The one thing that most people can do easily has never come easy for Steve Moore, a member of the Winona Lake, Ind., Grace Brethren Church (Bruce Barlow, lead pastor). Since childhood, he has dealt with stuttering.
“I’ve never in my life met or heard anyone with a stutter worse than mine was,” he says. “I’ll call mine a 9.5 just in case there’s someone with a worse one. It was every bit as bad as Prince Albert’s in [the movie] The King’s Speech.”
“A majority of the time, my stutter consisted of a block: I just could not initiate whatever it was I was going to say,” Steve describes his stuttering. “The word would be right there but I couldn’t get the first sound out. I would try to break past the block– in all kinds of ways. As a general rule, I would get past it after a certain amount of time-anywhere from five seconds to two to three minutes. But what often happened was that by the time I got past the block, I was out of air, so I could only say one syllable! Then, for all practical purposes, it was like I was starting a new word, and I would block again!”
Steve adds, “By the time I got out of high school, stuttering was a huge obstacle for me, from early in college, for a stretch of at least 25 years. I became more and more focused on the stutter and drawn into myself.” He learned to appreciate the friends who were willing to be patient and listen to him despite his blocks and struggles.
Around 1984 the manager where he worked saw Steve’s potential and promoted him to group leader, in spite of his stuttering. The job required him to give directions but the stuttering interfered. The manager suggested Steve write his instruction so he wouldn’t have to speak. This relieved some stress, though not all at once; there was a noticeable difference immediately in the level of pressure and stress, but it took an estimated six to eight years before a majority of the stress was gone, Steve notes.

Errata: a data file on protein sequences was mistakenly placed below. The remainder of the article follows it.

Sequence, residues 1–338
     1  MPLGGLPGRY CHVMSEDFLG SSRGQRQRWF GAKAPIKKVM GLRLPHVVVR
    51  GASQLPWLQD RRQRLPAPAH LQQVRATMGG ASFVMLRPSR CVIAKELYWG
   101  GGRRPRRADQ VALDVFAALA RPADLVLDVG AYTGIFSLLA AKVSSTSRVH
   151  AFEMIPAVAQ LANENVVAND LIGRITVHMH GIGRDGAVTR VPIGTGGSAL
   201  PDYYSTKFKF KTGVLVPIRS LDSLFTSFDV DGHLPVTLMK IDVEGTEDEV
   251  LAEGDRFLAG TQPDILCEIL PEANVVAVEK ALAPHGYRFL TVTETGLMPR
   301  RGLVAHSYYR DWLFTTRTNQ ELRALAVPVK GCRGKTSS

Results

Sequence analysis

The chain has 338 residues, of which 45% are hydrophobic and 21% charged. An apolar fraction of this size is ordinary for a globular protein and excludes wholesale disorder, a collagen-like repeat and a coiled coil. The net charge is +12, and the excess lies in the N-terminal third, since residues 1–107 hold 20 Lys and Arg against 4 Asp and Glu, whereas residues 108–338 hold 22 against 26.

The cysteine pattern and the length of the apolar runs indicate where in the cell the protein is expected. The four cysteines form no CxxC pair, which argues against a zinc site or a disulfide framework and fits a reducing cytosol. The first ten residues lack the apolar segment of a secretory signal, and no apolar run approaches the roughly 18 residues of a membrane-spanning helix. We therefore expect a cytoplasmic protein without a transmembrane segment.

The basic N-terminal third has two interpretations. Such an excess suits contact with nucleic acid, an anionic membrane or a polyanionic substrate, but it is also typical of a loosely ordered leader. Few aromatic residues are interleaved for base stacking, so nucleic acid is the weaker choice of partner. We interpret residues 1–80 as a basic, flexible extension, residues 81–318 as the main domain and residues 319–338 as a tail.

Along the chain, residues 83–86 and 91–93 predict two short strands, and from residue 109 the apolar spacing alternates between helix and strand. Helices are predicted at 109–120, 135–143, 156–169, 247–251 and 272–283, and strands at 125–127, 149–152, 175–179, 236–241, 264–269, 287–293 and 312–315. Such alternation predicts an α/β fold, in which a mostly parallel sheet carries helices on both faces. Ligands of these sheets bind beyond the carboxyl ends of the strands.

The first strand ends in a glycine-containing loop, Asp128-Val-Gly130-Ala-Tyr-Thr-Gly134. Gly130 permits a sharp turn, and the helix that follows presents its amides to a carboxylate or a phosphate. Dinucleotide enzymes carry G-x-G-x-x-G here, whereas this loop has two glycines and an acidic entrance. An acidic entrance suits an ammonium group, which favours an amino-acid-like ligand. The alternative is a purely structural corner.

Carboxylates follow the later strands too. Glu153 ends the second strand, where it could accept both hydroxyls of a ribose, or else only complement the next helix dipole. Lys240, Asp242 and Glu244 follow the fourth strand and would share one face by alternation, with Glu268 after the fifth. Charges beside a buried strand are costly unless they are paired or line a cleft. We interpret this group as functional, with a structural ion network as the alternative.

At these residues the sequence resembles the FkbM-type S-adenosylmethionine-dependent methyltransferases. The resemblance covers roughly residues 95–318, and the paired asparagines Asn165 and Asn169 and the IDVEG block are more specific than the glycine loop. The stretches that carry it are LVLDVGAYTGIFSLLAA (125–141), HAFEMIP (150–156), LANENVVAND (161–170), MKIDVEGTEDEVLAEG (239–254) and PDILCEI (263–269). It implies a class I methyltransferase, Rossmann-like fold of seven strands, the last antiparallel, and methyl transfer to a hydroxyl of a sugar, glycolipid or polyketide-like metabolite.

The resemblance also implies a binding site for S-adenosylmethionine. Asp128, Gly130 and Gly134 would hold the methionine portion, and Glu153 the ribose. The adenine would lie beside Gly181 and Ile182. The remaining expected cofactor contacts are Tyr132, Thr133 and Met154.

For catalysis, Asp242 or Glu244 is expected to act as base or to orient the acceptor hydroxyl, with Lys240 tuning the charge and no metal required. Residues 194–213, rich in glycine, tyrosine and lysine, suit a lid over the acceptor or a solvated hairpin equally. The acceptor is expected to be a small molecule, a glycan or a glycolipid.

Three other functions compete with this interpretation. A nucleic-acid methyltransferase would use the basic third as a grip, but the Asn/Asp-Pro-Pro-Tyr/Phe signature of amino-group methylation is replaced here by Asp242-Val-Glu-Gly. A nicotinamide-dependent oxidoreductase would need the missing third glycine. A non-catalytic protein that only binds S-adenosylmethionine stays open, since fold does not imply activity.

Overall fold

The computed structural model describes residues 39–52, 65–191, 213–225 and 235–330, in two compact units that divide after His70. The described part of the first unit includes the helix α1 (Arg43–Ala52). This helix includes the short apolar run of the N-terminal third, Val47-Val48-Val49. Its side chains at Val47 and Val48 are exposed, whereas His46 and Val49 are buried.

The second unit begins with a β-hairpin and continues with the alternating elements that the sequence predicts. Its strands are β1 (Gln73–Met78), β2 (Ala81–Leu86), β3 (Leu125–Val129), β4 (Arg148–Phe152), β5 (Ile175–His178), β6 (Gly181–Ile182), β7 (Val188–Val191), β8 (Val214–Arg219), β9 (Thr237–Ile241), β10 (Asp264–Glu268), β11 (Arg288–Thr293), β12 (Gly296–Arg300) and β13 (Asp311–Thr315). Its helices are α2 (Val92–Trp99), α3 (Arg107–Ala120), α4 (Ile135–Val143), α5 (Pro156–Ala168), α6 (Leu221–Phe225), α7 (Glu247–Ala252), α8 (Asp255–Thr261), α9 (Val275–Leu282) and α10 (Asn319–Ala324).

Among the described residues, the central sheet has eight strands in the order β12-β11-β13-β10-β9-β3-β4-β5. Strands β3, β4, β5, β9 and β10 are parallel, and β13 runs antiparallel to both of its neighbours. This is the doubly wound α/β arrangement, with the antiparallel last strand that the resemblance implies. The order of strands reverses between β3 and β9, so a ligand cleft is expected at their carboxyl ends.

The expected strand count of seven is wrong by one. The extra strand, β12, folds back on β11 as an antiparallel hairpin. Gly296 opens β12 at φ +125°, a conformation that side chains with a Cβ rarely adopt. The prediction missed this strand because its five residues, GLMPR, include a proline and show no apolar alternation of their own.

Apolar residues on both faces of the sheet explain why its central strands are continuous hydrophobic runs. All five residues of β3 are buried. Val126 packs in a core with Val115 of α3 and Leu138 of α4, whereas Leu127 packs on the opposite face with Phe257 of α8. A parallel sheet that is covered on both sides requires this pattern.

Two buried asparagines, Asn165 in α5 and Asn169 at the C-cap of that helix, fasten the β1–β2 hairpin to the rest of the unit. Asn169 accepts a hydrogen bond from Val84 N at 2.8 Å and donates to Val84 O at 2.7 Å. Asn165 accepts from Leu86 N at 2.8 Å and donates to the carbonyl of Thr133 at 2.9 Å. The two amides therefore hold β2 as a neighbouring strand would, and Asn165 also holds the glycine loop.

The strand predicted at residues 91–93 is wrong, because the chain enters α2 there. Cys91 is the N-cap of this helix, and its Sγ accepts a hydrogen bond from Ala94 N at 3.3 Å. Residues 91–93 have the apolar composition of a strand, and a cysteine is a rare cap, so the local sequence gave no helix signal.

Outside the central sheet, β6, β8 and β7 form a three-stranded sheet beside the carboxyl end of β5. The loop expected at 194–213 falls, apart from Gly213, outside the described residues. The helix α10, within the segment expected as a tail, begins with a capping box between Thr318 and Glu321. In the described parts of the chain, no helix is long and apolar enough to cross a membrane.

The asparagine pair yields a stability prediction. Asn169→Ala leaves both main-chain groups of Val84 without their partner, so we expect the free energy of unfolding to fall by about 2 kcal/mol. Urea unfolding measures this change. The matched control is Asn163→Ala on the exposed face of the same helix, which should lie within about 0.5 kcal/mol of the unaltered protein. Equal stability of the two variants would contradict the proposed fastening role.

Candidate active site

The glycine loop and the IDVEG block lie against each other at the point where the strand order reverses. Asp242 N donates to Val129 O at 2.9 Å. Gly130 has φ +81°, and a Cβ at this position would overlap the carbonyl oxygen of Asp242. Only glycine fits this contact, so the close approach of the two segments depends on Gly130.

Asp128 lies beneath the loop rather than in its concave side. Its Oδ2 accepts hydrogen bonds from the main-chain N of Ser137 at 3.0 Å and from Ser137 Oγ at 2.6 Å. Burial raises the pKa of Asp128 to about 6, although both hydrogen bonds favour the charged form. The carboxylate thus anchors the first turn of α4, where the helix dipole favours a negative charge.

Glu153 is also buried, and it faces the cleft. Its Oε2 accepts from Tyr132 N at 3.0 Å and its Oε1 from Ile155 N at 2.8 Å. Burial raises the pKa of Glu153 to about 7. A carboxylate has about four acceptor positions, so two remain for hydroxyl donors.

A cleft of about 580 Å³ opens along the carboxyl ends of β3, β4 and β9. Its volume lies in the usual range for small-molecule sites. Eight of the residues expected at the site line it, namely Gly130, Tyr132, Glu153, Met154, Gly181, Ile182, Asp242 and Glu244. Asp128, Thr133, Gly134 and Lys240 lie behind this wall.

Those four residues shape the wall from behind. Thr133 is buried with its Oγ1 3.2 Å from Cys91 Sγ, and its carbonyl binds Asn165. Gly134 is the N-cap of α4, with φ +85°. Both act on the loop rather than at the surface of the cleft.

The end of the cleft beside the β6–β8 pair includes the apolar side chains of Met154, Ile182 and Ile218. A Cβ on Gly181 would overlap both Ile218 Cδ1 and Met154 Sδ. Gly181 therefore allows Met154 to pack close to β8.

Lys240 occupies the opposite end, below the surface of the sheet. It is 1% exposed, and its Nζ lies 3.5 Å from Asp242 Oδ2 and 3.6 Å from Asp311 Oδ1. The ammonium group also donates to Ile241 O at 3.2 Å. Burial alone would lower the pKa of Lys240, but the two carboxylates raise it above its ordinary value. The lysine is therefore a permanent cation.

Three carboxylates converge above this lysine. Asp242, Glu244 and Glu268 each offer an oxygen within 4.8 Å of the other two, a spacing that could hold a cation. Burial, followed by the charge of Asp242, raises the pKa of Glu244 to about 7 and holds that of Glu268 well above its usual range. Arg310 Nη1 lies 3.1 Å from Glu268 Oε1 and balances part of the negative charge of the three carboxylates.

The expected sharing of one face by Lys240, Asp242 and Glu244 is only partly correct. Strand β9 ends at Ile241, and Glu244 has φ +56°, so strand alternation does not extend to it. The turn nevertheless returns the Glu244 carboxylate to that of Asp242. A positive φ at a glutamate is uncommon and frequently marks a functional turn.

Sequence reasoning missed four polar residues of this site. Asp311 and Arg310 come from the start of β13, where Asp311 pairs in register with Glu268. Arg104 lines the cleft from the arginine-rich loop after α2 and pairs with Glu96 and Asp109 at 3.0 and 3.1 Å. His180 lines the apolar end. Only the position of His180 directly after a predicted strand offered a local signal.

Accepting suggestions from his dad and others, he began using the pen and paper everywhere he went. “It helped so much with social interaction; it lowered my stress levels, which resulted in fluency. It has continued, all the way to now. But I still feel panic when I go out the door without a pen. I still carry a pen.” He laughs, looking down at the pen sticking out of his shirt pocket.
Steve still struggles some but his speech is greatly improved. “Two factors have worked together: the relief of stress from knowing I can resort to writing if I must, and learning some practicality,” he says. “I had to realize that I will probably never be able to say things with all the pleasing delivery I would like. But saying what needs to be said is more important, even if it comes out in a monotone or after a brief block.”
Steve, who has been involved with WLGBC for 40 years this past January, says his faith in God also plays an important part in dealing with stuttering.
“I know I belong to God and so it’s easier to put up the stutter. It’s easier to be patient and to think of other people and the impact my words could have on them. Everything God allows has a purpose. He shapes us into what he wants us to be. God’s intention for every believer is to be shaped into a living image of Jesus Christ. For example,when I see my parents in eternity, I know I’m going to recognize them, but I will also get to see the image of Jesus Christ completed in each of them.”
Moore says the key to his fluency was realizing that what he has to say is much more important than how he says it.
“I had to realize that I am more than just a stutter. God didn’t make a mistake. I wished I had learned so much earlier that there are more important things than my own embarrassment and discomfort; getting the job done matters much more.” – by Alisha Calhoon
Click here to send a note of encouragement to Steve.
This story first appeared in GraceConnect eNews. To subscribe to the weekly e-newsletter that includes news and information from congregations in the Fellowship of Grace Brethren Churches, click here.